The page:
After having spent a few days in Porto, we headed east in our rental car to meander through the Douro River valley. The valley is spectacular, the Douro snakes through the region cutting a deep valley into the terrain. The hills are high; I saw some road signs indicating that we were at 1500m in elevation. Because of this, the roads twist and turn and there are countless switchbacks as you drive up and down the countryside. I am a wimp when it comes to travel and get motion sickness very easily. Luckily, I discovered Psibands a few years ago and use them every time I travel. They are acupuncture wristbands that are worn as a pair and, for me, work marvelously to combat motion sickness. However, I wasn’t wearing them as we set out on our drive, and we had to stop so that I could put them on and get some air before continuing the winding drive. Nearly all of the hillsides are terraced with grapevines.
It would be wonderful to go back to the region in the fall when the grape season and harvest are in full swing. We only saw the young, naked vines.
That night, we stayed in a charming guesthouse called Casa Cimeira, perched atop another high hill lost in the Douro countryside. The home was beautiful with several buildings, a giant lemon tree, and a pool (which wasn’t yet open for the season). We were greeted by Arturo and his wife (whose name I missed, but I think it was Maria) and ushered us into what I thought of as a “man-cave”. It was a large den with stonewalls, a huge fireplace and a giant barrel-shaped bar. We were served glasses of Porto from the property, which, after a long drive, was just what I needed.
We mostly relaxed for the rest of the evening and then joined all the other guests for dinner. Dinner was served at a massive table with five other couples. There were two Portuguese couples, a Portuguese-German couple, a Brazilian couple and a German man by himself, apparently his wife was ill. The cuisine was traditional and homemade and the quantities were superlative. We started with a kind of chicken noodle soup made with orzo pasta. The flavor of the soup was exactly what I remembered from eating chicken noodle soup as a child. The soup was followed by a wedge of flakey meat pie. The soup and the pie would have been more than enough for me, but they were followed by a main course.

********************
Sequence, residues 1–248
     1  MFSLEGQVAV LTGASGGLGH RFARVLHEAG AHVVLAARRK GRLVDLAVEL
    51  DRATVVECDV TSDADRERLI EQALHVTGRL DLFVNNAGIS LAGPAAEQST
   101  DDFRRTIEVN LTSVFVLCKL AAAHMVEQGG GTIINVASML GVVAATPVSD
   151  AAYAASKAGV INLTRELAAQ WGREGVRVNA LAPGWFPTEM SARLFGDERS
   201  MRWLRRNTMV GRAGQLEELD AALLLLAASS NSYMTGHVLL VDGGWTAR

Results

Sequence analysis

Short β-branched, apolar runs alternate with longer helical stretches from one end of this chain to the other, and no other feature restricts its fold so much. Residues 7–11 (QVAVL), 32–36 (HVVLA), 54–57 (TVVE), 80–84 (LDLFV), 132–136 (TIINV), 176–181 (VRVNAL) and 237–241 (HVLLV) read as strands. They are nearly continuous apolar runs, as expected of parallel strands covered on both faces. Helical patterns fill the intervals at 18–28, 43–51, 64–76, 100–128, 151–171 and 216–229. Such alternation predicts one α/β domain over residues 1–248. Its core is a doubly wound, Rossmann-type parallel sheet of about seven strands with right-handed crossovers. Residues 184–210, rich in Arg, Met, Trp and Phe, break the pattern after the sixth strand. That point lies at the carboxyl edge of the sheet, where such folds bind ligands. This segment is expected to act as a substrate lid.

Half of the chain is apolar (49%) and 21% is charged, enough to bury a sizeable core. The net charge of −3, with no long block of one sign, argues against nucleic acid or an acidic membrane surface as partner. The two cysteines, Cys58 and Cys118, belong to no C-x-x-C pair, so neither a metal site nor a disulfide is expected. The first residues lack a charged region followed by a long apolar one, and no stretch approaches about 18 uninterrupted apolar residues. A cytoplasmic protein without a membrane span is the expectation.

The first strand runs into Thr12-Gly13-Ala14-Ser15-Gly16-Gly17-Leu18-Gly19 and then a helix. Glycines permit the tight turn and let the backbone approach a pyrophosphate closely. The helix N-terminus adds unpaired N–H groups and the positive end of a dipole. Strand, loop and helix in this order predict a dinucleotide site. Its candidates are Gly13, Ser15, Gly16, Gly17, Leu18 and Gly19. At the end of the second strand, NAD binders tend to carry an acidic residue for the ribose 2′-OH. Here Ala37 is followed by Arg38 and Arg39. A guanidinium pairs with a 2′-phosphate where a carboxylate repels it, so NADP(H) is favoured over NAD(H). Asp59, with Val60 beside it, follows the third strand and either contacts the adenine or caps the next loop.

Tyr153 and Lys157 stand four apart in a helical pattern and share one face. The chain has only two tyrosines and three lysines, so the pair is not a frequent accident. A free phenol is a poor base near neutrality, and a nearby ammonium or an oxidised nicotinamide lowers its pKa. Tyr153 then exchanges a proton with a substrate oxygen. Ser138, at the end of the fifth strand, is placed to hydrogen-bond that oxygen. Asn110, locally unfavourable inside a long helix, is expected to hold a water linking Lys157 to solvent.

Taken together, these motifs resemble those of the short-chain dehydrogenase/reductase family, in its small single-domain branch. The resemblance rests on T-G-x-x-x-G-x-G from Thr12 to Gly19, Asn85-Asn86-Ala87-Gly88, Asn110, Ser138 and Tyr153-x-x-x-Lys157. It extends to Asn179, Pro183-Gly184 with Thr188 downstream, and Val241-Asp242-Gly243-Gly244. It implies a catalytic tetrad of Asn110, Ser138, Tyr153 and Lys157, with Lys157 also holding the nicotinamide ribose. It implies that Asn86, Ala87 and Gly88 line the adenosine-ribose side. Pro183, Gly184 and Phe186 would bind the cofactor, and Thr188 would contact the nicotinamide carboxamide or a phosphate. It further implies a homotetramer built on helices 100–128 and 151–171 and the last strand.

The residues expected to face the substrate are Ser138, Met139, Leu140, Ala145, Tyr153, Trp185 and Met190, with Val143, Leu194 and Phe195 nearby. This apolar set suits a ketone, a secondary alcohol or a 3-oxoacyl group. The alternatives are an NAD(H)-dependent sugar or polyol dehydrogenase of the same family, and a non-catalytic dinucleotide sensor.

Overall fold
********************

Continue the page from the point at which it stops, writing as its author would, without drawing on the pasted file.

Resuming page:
The main course was the traditional bacalhauserved with steamed potatoes and a green veggie that resembled broccoli rabe. Each couple had an enormous platter piled high with fish, potatoes and greens. One platter was enough to serve at least six people and I had a hard time eating more than one piece of fish considering the soup and meat pie. I feared dessert, but luckily it was on the light side, a simple plate of sliced strawberries. The whole meal was accompanied by the house red and a port wine with dessert.
After dinner there wasn’t much left to do but crawl up the stairs and roll into bed. The next morning we were the first to reach the breakfast table which was laden with all sorts of breads and cakes, ham, cheese, homemade jams, coffee, tea and juice. We fueled up and then set out for another day of driving.
Our plan was to drive south toward Caldas de Rainha, where one of Laurent’s friends lives, but to stop in a few beach towns along the way. We took the highway instead of the twisty roads and I felt much better. A note about Portuguese highways and roads in general, they are in excellent condition. The roadways are very smooth and, because of a recently implemented toll system, the highways are practically empty, which makes for fairly peaceful driving. Before reaching Caldas, we stopped in Nazaré, a pretty little beach town with a long boardwalk with a wavy Calçada Portuguesa design and a vast, golden sand beach. This time of year it is much too cold and dangerous to swim in that part of the Atlantic. We only saw surfers in thick wetsuits brave the waves. We had coffee and ice cream, let Louis romp in a playground and saw ladies dressed in traditional garb selling fish. After our detour in Nazaré, we drove on to Caldas de Rainha.
To be continued…
Rua do Cimo do Povo
Valença do Douro